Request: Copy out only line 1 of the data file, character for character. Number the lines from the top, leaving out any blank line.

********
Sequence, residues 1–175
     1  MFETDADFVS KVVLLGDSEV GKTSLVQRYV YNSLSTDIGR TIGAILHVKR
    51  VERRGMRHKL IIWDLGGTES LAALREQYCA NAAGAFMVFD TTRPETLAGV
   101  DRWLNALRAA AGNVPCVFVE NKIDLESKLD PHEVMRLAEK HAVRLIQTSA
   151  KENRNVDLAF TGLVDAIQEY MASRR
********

Sequence, residues 1–175